The Graduate School of Education and Human Development is teaming up with a top education publication to consider how the new presidential administration will impact education policy.
Policymakers, analysts, GW faculty and Education Week journalists will examine how the election results will impact public education policy from the White House and Congress down to the state and local levels on Thursday in the Jack Morton Auditorium. The booked speakers said the event will bring together leaders to discuss the future of education and how they can help shape education policy.
Michael Feuer, the dean of GSEHD, said in an email that Education Week reached out to GSEHD earlier this fall about co-hosting a post-election event. Feuer said the publication has hosted similar programs in the past and thought GSHED would be an ideal institution to partner with because of the school’s education policy expertise and proximity to the White House.
“We are excited to host such an important conversation on campus about the implications of the new administration on the future of education in this country,” he said.
Feuer said this event will be a conversation about the future of Pre-K–12 education with “some of the most informed minds,” that will be particularly important because the national education agenda is likely to change.
President-elect Donald Trump and Secretary of Education nominee Betsy DeVos have both emphasized school choice, voucher programs and charter schools as high priorities, Feuer said. He said that practitioners and policymakers want to know what these policies mean for the future of public education, especially in schools with students with high poverty rates, and how they should prepare to respond.
“GSEHD students, faculty and staff, in addition to the wider education community, are anxious to learn what the Trump presidency may mean for students, families, teachers, administrators, policy makers, advocacy groups, legislators, researchers and other education stakeholders over the next four years,” Feuer said.
Policymakers at the event will address the Every Student Succeeds Act, which was signed by President Barack Obama last year, and the act’s implications for students and teachers. ESSA reauthorizes the 50-year-old Elementary and Secondary Education Act, the nation’s education law affirming its commitment to equal opportunity for students.
Presidents typically pass significant legislation on education during their terms: President George W. Bush signed No Child Left Behind into law, Obama oversaw the implementation of Common Core and the ESSA, and experts have said that Trump could potentially privatize education funding.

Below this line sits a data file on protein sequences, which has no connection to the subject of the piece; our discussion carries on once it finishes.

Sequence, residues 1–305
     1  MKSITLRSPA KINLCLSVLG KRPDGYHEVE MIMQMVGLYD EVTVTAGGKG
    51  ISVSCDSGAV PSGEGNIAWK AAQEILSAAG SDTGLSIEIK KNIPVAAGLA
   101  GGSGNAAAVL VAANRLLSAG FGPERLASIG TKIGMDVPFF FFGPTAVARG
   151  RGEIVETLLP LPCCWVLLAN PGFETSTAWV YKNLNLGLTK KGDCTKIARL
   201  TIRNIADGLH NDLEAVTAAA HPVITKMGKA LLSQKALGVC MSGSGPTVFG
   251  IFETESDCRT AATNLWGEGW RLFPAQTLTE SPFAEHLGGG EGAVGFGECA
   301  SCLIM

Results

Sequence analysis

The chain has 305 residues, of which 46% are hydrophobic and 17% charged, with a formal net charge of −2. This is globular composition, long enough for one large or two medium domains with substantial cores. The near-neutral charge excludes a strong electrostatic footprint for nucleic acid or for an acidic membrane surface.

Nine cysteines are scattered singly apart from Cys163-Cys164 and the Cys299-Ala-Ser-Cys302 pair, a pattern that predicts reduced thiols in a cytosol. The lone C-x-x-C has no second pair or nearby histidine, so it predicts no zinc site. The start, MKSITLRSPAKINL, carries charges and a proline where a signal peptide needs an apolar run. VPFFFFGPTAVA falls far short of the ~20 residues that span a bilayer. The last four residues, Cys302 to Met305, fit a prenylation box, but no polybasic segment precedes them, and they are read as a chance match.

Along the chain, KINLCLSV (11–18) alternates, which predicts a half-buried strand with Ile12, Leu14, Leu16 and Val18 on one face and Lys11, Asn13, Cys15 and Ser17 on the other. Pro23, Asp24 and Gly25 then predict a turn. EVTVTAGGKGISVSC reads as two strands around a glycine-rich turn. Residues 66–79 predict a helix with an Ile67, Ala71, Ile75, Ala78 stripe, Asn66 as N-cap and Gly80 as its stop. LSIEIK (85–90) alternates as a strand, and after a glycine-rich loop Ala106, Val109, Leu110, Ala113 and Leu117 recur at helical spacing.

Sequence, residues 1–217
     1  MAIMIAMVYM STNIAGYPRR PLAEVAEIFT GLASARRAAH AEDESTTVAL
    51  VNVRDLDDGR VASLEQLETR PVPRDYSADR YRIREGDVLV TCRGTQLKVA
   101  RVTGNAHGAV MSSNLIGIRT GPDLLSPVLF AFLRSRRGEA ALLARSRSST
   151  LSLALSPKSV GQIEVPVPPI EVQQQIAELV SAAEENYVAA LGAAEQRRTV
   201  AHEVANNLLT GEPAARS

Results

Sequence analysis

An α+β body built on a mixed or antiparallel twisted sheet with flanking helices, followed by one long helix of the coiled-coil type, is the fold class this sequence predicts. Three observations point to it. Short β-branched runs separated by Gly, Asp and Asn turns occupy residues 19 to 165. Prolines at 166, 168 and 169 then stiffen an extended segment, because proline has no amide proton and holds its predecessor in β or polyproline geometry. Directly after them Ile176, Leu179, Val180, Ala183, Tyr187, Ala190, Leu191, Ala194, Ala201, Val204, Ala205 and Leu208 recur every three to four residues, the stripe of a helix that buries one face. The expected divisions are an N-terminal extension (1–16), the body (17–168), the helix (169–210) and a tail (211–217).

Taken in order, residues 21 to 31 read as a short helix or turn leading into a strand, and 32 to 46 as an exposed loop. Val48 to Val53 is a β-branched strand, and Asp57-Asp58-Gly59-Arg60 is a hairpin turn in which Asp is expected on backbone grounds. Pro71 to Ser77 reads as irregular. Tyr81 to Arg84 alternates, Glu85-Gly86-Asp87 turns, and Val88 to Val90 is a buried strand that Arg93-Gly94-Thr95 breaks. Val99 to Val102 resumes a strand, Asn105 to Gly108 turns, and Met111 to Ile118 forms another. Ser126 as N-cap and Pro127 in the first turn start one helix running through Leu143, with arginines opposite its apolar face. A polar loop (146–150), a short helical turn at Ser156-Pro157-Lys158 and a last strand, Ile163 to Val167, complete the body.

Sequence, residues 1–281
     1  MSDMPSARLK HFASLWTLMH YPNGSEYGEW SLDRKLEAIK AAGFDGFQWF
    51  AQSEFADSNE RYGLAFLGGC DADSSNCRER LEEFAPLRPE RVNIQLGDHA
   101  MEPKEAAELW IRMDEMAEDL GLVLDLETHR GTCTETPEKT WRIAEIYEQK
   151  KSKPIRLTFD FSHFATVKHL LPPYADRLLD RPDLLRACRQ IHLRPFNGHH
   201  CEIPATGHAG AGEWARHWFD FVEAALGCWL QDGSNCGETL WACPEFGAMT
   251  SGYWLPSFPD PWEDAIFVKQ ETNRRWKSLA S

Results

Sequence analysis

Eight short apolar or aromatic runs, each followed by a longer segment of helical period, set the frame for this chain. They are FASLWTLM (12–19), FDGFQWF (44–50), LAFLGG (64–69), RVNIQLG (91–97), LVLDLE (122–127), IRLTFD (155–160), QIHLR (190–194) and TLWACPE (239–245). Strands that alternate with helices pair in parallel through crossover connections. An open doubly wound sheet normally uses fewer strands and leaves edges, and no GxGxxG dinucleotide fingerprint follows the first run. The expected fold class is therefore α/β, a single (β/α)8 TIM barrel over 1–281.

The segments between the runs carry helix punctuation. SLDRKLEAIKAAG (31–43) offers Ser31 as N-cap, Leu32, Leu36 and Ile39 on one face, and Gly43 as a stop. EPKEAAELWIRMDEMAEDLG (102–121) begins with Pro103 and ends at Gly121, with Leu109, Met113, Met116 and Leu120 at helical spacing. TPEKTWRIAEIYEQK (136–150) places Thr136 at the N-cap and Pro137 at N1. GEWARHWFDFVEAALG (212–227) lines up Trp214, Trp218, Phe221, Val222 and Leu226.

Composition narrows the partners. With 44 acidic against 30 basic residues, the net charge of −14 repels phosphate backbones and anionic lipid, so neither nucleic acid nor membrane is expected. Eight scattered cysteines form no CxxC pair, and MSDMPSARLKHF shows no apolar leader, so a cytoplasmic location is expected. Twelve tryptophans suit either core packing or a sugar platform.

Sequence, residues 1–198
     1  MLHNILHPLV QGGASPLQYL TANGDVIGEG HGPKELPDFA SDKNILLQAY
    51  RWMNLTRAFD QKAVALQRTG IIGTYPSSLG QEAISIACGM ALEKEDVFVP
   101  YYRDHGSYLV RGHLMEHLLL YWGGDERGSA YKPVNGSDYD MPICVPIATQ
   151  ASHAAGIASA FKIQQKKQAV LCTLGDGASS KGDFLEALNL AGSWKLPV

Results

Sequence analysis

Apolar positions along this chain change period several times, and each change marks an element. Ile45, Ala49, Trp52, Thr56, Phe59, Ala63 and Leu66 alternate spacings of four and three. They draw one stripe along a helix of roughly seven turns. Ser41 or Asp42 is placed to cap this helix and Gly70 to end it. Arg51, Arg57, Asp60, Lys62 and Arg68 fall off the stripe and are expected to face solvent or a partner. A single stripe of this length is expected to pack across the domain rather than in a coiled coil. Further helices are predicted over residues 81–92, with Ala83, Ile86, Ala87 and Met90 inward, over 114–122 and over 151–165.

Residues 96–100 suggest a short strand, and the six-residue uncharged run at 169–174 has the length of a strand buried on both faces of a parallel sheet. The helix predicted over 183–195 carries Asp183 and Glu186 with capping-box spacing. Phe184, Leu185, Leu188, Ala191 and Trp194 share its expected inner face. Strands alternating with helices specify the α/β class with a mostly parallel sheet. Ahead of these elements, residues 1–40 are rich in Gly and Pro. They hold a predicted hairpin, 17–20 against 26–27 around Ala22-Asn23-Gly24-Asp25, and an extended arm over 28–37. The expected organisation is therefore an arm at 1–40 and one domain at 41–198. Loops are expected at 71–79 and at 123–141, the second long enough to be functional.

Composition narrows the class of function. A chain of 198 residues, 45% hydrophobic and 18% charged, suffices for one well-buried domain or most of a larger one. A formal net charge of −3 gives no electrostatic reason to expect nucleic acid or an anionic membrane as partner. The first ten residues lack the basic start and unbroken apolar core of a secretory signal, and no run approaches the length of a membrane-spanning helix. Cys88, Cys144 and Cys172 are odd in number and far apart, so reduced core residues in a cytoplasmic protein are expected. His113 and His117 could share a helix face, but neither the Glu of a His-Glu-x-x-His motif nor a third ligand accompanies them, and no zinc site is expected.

Michele Givens, the president and CEO of Editorial Projects in Education, the publisher of Education Week, who will be speaking at the event, said in an email that a new Trump administration will likely to introduce changes in federal education policy.
She said that DeVos has been a strong advocate for K-12 school choice and advisers for the new administration have signaled they plan to take a “less-aggressive stance” on civil rights issues and education, which could have implications on special education and school discipline policies.
New leaders at the state level, including governors and state school chiefs, will be coming into office when the ESSA gives states more decision-making authority, Givens said.
“It’s important at a time like this, when we have elected leaders with different philosophies and when there is a lot of uncertainty, to be able to turn to independent and informed sources of information about what’s happening and what it means,” Givens said.
Maria Voles Ferguson, the executive director of the Center on Education Policy at GW who will moderate a conversation among state and federal officials on the shifting education policy landscape at the event, said they will discuss what a Trump administration means for education, how state and local school districts will react to new policies, his choice for education secretary and what the ESSA means going forward.
“It is always a good time to get smart people together to talk about different issues and think about the different ways this may play out and give people the opportunity to speak their minds and engage in a reasonable conversation about what would be positive steps moving forward, instead of just screaming and yelling at each other on Twitter,” Ferguson said.
Sasha Pudelski, the assistant director of policy and advocacy at the School Superintendents Association, who is speaking at the event, said this event will be an analysis of what people speculate will happen. She said that both Trump and DeVos have expressed interest in privatizing public education funding, which will likely be a topic of conversation.
“He hasn’t said much about anything else,” Pudelski said. “So that is what we understand to be his priority and given his secretarial choice it seems like that is the only thing she has experience working on.”
Colin Green, an associate professor of curriculum and pedagogy at GSEHD, said that in his class, which is focused on the foundation of U.S. public education, he plans to discuss DeVos’ appointment. Green said that he will attend the event and has invited his students.
“Certainly professors who have students in their class who are going to be future teachers, or future administrators or future policymakers, either at the local state or national level, these are in fact the very students that we ought to be having conversations with about what the education policy landscape may look like over the next four years,” Green said.